KNEE KNOWLEDGE:

Dr. Robert Lock uses a drill during a simulated knee surgery as local high school students look on. The Multiple Avenues for Successful Healthcare program brought the students into Valley View Medical Center, where they observed operations including food service, housekeeping and the emergency room. The students reported that VVMC staff were universally friendly and helpful. Another group of students went through MASH opportunities at Western Arizona Regional Medical Center in Bullhead City.

FORT MOHAVE — A group of local students spent the last two weeks examining Valley View Medical Center from top to bottom, checking out every facet of the hospital’s operations.

Their two-week internship, part of the Multiple Avenues for Successful Healthcare program, included a presentation on hip and knee replacements from Dr. Robert Lock, an orthopedic surgeon with Tri State Orthopedic Institute in Bullhead City.

Lock and his assistant, Liza Hutchins, brought simulated body parts, performed a pair of walk-through procedures, and let the students try their hand as well.

Lock discussed considerations that come into play concerning surgeries, and about how the practice has changed.

One change has been the advent of muscle-sparing surgery, brought on by improved dissection techniques, which has shortened recovery time.

A patient walks within three hours of most procedures, he said, and goes home the next day with a small incision.

Another change is total joint replacement with computer-assisted navigation. 

The hip replacement demonstration the students saw involved Lock using penlike devices to digitally map a pelvis, making for greater accuracy in taking measurements needed for the procedure.

The computer-assisted navigation is especially useful, he said, for surgeons who place the patient on his or her back for the procedure. 

He said that although hip replacements came first (knee replacements didn’t come into their own until the 1970s), surgeons today perform about three times as many knee operations.

Lock said he performs 300 to 350 joint replacements a year. 

He talked about the materials used in replacement parts and explained that patients rarely reject artificial hips or knees, because they are not registered by the body’s immune system as foreign, which is why organ recipients need to take anti-rejection drugs.

Replacement joints are usually titanium or cobalt chrome, Lock said. A patient’s bone will actually grow into the titanium, which he said is the “permanent” fix. That takes three to six months, he said — longer for smokers because of diminished blood flow to the extremities.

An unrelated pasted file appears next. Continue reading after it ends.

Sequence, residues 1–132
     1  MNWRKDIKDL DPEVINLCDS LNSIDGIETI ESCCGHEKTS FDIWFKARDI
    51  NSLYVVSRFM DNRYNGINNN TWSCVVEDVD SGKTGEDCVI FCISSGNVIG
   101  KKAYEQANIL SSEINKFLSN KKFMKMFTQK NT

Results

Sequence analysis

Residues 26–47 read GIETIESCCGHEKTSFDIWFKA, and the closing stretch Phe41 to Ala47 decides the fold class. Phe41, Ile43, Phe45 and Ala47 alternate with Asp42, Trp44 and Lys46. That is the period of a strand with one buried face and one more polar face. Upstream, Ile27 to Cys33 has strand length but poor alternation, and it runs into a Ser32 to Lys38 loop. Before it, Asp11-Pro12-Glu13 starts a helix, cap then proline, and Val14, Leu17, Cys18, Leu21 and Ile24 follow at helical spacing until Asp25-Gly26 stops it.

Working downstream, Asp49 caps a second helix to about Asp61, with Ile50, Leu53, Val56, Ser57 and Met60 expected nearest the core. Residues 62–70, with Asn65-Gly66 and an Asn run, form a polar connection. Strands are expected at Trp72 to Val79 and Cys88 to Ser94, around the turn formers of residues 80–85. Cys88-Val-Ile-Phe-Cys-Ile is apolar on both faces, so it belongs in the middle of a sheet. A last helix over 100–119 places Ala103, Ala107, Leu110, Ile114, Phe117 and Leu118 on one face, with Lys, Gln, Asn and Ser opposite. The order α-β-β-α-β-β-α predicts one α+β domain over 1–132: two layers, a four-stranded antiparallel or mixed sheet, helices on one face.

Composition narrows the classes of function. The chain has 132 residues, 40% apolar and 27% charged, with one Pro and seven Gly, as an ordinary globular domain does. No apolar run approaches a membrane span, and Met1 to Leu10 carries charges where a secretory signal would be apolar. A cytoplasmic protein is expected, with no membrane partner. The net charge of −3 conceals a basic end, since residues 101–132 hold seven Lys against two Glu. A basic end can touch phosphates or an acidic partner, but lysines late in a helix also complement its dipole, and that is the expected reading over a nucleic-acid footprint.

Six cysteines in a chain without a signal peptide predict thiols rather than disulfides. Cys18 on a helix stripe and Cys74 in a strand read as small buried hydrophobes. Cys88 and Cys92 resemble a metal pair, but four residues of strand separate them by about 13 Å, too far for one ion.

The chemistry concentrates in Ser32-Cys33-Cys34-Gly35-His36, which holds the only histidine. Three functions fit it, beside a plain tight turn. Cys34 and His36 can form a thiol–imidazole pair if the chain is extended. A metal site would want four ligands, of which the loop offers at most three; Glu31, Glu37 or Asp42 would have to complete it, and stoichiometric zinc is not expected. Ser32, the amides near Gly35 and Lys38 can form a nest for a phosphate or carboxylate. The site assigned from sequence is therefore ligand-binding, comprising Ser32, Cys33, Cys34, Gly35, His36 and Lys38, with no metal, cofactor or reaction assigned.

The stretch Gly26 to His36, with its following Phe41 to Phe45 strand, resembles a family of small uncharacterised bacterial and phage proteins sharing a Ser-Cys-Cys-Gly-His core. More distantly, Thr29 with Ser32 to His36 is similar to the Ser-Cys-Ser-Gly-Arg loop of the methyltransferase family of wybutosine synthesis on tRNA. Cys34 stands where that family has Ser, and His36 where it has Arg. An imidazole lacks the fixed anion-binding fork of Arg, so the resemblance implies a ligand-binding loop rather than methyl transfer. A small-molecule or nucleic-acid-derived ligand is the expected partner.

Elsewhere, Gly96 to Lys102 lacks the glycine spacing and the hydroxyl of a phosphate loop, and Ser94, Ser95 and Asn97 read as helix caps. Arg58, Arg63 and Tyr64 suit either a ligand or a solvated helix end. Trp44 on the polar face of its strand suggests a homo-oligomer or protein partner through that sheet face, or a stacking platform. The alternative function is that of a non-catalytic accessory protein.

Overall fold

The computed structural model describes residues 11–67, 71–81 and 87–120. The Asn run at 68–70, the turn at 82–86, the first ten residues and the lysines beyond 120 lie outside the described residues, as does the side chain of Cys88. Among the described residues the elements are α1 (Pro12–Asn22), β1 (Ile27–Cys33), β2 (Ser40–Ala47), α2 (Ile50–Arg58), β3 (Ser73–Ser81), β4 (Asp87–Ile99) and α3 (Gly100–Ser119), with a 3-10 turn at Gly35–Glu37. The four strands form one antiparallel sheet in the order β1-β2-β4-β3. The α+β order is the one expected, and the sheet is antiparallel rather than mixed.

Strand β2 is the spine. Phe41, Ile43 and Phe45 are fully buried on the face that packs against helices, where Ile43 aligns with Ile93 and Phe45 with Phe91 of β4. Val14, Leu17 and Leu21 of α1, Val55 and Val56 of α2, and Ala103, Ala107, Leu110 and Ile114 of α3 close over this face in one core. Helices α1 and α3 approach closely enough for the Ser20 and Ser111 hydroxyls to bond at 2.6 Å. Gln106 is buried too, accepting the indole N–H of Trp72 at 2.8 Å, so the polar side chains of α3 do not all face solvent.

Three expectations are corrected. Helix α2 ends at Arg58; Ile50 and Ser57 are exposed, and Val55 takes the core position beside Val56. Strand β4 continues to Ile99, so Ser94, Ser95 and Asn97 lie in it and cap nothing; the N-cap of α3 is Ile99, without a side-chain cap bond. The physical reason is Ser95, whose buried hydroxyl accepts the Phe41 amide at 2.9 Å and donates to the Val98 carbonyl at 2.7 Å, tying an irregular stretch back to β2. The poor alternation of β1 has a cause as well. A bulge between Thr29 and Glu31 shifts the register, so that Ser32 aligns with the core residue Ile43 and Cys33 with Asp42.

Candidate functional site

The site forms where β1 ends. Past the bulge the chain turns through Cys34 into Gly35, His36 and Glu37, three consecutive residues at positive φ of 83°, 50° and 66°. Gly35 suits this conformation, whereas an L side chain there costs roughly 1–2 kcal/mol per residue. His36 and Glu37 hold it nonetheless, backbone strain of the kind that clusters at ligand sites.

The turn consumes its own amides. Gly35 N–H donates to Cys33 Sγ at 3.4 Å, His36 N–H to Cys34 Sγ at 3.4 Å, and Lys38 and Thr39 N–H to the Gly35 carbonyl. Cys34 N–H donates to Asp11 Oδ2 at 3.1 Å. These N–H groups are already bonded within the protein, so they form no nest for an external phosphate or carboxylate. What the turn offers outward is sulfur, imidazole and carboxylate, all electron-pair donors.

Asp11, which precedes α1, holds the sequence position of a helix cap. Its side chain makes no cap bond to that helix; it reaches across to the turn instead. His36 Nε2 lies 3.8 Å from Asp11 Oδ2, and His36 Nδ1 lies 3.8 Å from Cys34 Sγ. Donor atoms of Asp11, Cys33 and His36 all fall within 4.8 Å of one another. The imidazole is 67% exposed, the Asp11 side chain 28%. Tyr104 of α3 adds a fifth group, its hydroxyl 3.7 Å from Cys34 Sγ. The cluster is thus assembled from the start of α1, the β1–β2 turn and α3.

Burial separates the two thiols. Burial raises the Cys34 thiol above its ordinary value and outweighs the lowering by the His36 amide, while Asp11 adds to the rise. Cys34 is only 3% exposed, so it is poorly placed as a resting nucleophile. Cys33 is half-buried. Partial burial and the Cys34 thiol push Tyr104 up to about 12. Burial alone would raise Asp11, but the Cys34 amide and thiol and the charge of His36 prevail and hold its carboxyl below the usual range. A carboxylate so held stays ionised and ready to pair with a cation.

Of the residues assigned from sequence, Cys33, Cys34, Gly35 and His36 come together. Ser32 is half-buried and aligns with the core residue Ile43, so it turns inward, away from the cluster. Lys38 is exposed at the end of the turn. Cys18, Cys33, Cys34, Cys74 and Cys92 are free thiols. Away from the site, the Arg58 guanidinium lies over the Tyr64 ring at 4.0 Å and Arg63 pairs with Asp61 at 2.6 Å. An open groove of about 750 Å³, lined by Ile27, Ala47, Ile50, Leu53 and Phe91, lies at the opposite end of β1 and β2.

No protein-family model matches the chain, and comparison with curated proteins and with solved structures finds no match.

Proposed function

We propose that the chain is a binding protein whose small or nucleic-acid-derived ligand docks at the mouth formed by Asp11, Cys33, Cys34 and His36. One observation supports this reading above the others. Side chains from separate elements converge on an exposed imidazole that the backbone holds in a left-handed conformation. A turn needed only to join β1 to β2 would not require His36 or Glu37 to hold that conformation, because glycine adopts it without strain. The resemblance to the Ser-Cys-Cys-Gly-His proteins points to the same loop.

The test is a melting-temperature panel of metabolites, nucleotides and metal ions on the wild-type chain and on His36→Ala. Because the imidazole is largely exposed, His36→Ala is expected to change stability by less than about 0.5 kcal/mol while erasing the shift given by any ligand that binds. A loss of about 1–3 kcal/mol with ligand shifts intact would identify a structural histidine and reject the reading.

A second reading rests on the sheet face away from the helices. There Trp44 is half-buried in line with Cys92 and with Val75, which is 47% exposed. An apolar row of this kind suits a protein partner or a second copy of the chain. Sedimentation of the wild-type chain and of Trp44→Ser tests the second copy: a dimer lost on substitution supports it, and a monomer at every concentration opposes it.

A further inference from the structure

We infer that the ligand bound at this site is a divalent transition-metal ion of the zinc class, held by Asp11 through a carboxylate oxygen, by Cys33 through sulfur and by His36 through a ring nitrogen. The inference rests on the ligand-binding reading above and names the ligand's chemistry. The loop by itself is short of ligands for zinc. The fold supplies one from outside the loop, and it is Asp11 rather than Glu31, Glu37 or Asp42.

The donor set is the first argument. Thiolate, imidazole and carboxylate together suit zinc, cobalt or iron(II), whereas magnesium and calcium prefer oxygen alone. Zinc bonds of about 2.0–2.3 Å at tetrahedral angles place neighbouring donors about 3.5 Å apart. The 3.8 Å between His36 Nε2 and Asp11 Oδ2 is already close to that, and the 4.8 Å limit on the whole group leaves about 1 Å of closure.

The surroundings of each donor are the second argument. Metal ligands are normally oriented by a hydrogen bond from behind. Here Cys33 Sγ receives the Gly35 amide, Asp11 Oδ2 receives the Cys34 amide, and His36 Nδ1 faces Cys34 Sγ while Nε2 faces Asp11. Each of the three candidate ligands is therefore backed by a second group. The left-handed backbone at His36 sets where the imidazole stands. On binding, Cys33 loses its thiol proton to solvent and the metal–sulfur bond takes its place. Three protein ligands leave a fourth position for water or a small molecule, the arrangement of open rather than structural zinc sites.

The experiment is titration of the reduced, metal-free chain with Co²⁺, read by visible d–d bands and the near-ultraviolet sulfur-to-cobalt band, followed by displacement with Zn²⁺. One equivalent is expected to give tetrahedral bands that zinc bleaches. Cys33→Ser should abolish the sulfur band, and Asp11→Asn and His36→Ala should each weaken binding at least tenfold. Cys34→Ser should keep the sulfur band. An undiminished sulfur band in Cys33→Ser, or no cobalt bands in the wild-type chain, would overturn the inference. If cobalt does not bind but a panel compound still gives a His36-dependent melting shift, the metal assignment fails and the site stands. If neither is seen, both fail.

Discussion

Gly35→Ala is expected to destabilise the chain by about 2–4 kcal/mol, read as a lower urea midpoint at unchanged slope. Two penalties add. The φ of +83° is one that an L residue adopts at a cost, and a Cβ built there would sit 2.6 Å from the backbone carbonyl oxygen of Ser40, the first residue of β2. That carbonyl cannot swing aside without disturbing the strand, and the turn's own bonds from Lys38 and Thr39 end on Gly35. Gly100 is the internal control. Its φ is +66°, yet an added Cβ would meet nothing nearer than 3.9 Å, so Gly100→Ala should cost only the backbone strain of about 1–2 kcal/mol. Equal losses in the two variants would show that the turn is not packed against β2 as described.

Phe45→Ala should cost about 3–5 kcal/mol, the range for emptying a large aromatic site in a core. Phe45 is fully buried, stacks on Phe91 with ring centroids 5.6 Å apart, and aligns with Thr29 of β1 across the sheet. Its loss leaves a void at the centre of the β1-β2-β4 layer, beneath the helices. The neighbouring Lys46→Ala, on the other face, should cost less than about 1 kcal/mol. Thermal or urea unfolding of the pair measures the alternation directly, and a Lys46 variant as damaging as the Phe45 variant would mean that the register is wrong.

Besides joint replacement, Lock said, he also treats fractures and carpal tunnel syndrome.

In response to a question about why he chose orthopedic surgery, Lock said that while he was an intern in Phoenix, he “hung out with orthopedic surgeons and thought they were cool.”

“The surgery saws, hammers and drills looked like great fun,” he said.

Lock said that at every specialty he experienced during his rotation, he felt like he wanted to be that type of doctor, but that the science of orthopedics and joint replacement won him over.

He also told the students about medical school and the long process of becoming a doctor. Lock said that for him, there were 14 years of education after high school — four years of undergraduate studies, four years of medical school, an internship, a residency and a fellowship.

The hardest part of medical school, Lock said, is “the sheer volume of material you have to digest at one time.”

Erika Hiestand, a senior-to-be at Mohave High School, said that she found the program interesting and a help as she moves toward a career as a nurse or physical therapist. She said she was particularly impressed by VVMC’s staff giving the students a lot of hands-on learning opportunities.

Kaylee Willis, a Needles High School senior-to-be, said the two weeks opened her eyes to future possibilities.

“I’ve really learned what I wanted to do,” said Willis, who said she had been thinking about going into nursing or medical aesthetics. “Now, I’m super-interested in OB/GYN or something to do with radiology.”

She said that witnessing the delivery of a baby by caesarean section was shocking in how quickly the process went.

Taylor Evans graduated from River Valley High School in May. Her long-term goal is to work as a surgeon, and she said the MASH program has helped her clear up one really important question.

“I didn’t know if I would be able to handle it,” Evans said, “because I heard so many bad stories.”

Lock said the students were very engaged and enthusiastic.

“They showed interest in a wide variety of medical specialties,” he said. “They were interested in absorbing everything the possibly could.” 

MASH coordinator Lisa Townsend said Valley View participates as a way of giving back to the community and in hopes of inspiring young people to consider entering the medical field, and perhaps come back to serve the community.

“It’s very rewarding to work with (the MASH students),” Townsend said. “To see their faces light up when they discover something that they’re really interested in.”

She said the program has injected some of the more shy participants with new confidence.

The students graduated Friday; each received a certificate. They also left with memories their peers are unlikely to find.

“I thought (the C-section) was the coolest thing in the world,” Evans said. “I got to see life brought into the world.”å

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